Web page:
was settled at Trumpington near Cambridge, and left two sons, both of whom died unmarried. His second wife was Frances, daughter of lord Willoughby of Parham, by whom he had nine children, His third wife was Mrs. Wilson, a widow, whose maiden name was Carleton. She survived him, and by her also he had several children. The eldest of this last marriage inherited Chilton Park. .

The editor of his-“ Memorials” gives him this character. “ He not only served the state in several stations and places of the highest trust and importance botir at home and in foreign countries, and acquitted himself with success and reputation answerable to each respective character; but · likewise conversed with books, and made himself a large

provision from his studies and contemplation. Like that noble Roman, Portius Cato, as described by Nepos, he was ‘Reipublicæ peritus, et jurisconsultus, et magous imperator, et probabilis orator, cupidissimus literarum :' a statesman and learned in the law, a great commander, an eminent speaker in parliament, and an exquisite scholar. He had all along so much business, one would not imagine he ever had leisure for books; yet who considers his studies might believe he had been always shut up with his friend Selden, and the dust of action never fallen on his gown. His relation to the public was such throughout all the re

volutions, that few mysteries of state could be to him any • secret. Nor was the felicity of his pen less considerable than his knowledge of affairs, or did less service to the cause he espoused. So we find the words apt and proper for the occasion; the style clear, easy, and without the least force or affectation of any kind, as is shewn in his speeches, his narratives, his descriptions, and in every place where the subject deserves the least care or consideration." Lord Clarendon has left this testimony in favour of White. locke : whom, numbering among his early friends in life, he calls, a man of eminent parts and great learning out of his profession, and in his profession of signal reputation. “ And though,” says the noble historian, “he did afterwards bow his koee to Baal, and so swerved from his allegiance, it was with less rancour and malice than other men. He never led, but followed; and was rather carried away with the torrent than swam with the stream ; and failed through those infirmities, which less than a general defection and a prosperous rebellion could rever have discovered." Lord Clarendou has elsewhere described him, as " from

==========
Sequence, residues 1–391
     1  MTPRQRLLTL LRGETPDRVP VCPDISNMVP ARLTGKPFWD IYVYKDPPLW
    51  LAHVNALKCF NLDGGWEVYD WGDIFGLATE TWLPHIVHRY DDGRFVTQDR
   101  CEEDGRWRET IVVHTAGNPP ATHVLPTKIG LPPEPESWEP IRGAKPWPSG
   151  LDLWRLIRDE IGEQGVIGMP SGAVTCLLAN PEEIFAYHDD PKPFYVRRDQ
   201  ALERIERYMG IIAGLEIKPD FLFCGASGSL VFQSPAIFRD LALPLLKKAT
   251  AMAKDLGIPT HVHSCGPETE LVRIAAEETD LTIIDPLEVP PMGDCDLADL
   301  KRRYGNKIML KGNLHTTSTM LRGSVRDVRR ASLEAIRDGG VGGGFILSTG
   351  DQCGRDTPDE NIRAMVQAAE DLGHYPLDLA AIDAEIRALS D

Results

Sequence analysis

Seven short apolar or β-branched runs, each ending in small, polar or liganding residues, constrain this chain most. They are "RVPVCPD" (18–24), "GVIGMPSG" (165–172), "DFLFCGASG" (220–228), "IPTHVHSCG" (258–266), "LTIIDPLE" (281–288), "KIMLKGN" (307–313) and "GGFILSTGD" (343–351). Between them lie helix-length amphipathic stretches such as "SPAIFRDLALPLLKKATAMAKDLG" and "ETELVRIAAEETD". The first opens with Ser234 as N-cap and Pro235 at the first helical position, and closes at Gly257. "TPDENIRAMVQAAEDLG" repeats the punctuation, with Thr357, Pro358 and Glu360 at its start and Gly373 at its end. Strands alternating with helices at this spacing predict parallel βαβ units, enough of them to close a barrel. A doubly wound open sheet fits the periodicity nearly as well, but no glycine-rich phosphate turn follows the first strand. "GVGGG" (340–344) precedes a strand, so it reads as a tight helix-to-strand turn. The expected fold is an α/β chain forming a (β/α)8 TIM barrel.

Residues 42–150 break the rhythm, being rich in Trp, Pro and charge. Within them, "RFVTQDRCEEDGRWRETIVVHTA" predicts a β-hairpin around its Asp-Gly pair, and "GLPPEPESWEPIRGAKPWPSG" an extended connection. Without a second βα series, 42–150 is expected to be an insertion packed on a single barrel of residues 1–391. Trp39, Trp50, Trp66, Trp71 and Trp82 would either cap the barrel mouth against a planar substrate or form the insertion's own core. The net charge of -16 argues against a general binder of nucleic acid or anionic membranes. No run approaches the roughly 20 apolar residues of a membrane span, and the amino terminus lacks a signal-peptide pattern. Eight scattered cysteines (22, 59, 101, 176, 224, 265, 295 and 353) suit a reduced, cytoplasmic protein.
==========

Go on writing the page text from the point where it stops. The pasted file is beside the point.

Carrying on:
the beginning concurring with the parliament, without any inclinations to their persons or principles; and," says he, “ he had the same reasons afterwards not to separate from them. All his estate was in their quarters; and he had a nature, that could not bear or submit to be undone : though to his friends, who were commissioners for the king, he used his old openness, and professed his detestation of all the proceedings of his party, yet could not leave them.”

The first edition of his “Memorials of the English Af. fairs," was published in 1682, and the second, with many additions and a better Index, in 1732: called “ An historical Account of what passed from the beginning of the reign of king Charles the First to king Charles the Second his happy Restauration; contaiving the public transactions civil and military, together with the private consultations and secrets of the Cabinet," in folio. Besides these memorials, he wrote also “Memorials of the English Affairs, from the supposed expedition of Brute to this island, to the end of the reign of king James the First. · Published from his original manuscript, with some account of his life and writings, by William Penn, esq. governor of Pennsylvania ; and a preface by James Welwood, M.D. 1709," folio. There are many speeches and discourses of Mr. Wbitelocke to be found in his “Memorials of English Affairs," and in other collections. Oldmixon, who stands at the head of infamous historians, has drawn a comparison between Whitelocke and Clarendon ; there is also an anonymous pamphlet entitled “ Clarendon and Whitelocke farther compared," which was written by Mr. John Davys, some time of Hartball, Oxford. It ought to be remarked that our author's “ Memorials” are his Diary, and that he occasionally entered facts in it: when they came to his knowledge : but not always on those days in which they were transacted. This has led his readers into some anachronisms. It has been remarked also that his “Memorials” would have been much more valuable, if his wife had not burnt many of his papers. As they are, they contain a vast mass of curious information, and are written with impartiality.'

Biog. Brit.His 6 Memorials" and Swedish Embassy.